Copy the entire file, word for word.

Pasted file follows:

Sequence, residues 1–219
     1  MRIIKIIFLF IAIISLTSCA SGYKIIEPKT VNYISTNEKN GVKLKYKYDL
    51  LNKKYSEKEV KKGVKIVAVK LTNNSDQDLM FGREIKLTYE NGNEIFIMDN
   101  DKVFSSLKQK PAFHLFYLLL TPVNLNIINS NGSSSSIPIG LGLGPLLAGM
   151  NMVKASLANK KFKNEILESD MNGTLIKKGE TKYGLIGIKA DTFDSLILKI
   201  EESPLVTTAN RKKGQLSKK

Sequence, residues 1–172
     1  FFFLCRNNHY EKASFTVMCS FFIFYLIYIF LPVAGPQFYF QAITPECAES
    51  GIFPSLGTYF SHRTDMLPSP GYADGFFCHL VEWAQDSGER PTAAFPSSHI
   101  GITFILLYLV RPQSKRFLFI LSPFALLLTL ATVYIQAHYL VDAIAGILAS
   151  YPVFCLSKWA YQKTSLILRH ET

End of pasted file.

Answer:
Sequence, residues 1–219
     1  MRIIKIIFLF IAIISLTSCA SGYKIIEPKT VNYISTNEKN GVKLKYKYDL
    51  LNKKYSEKEV KKGVKIVAVK LTNNSDQDLM FGREIKLTYE NGNEIFIMDN
   101  DKVFSSLKQK PAFHLFYLLL TPVNLNIINS NGSSSSIPIG LGLGPLLAGM
   151  NMVKASLANK KFKNEILESD MNGTLIKKGE TKYGLIGIKA DTFDSLILKI
   201  EESPLVTTAN RKKGQLSKK

Sequence, residues 1–172
     1  FFFLCRNNHY EKASFTVMCS FFIFYLIYIF LPVAGPQFYF QAITPECAES
    51  GIFPSLGTYF SHRTDMLPSP GYADGFFCHL VEWAQDSGER PTAAFPSSHI
   101  GITFILLYLV RPQSKRFLFI LSPFALLLTL ATVYIQAHYL VDAIAGILAS
   151  YPVFCLSKWA YQKTSLILRH ET